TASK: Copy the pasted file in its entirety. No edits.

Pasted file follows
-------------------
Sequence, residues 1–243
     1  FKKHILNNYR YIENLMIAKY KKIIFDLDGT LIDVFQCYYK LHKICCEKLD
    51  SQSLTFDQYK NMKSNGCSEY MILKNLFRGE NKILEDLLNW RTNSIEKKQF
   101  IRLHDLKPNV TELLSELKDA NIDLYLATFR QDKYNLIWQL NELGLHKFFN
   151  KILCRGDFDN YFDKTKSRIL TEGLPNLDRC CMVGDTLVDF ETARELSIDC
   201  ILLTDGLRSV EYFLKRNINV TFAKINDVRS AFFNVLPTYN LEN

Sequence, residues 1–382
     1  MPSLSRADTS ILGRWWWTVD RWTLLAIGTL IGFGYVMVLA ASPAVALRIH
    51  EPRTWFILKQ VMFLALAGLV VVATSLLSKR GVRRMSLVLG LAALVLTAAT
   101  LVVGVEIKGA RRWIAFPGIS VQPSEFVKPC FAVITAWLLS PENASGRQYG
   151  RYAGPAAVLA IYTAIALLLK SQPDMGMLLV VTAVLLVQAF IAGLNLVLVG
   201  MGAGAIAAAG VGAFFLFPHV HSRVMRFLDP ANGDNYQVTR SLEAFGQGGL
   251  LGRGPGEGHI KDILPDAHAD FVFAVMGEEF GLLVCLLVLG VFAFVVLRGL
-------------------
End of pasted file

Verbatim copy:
Sequence, residues 1–243
     1  FKKHILNNYR YIENLMIAKY KKIIFDLDGT LIDVFQCYYK LHKICCEKLD
    51  SQSLTFDQYK NMKSNGCSEY MILKNLFRGE NKILEDLLNW RTNSIEKKQF
   101  IRLHDLKPNV TELLSELKDA NIDLYLATFR QDKYNLIWQL NELGLHKFFN
   151  KILCRGDFDN YFDKTKSRIL TEGLPNLDRC CMVGDTLVDF ETARELSIDC
   201  ILLTDGLRSV EYFLKRNINV TFAKINDVRS AFFNVLPTYN LEN

Sequence, residues 1–382
     1  MPSLSRADTS ILGRWWWTVD RWTLLAIGTL IGFGYVMVLA ASPAVALRIH
    51  EPRTWFILKQ VMFLALAGLV VVATSLLSKR GVRRMSLVLG LAALVLTAAT
   101  LVVGVEIKGA RRWIAFPGIS VQPSEFVKPC FAVITAWLLS PENASGRQYG
   151  RYAGPAAVLA IYTAIALLLK SQPDMGMLLV VTAVLLVQAF IAGLNLVLVG
   201  MGAGAIAAAG VGAFFLFPHV HSRVMRFLDP ANGDNYQVTR SLEAFGQGGL
   251  LGRGPGEGHI KDILPDAHAD FVFAVMGEEF GLLVCLLVLG VFAFVVLRGL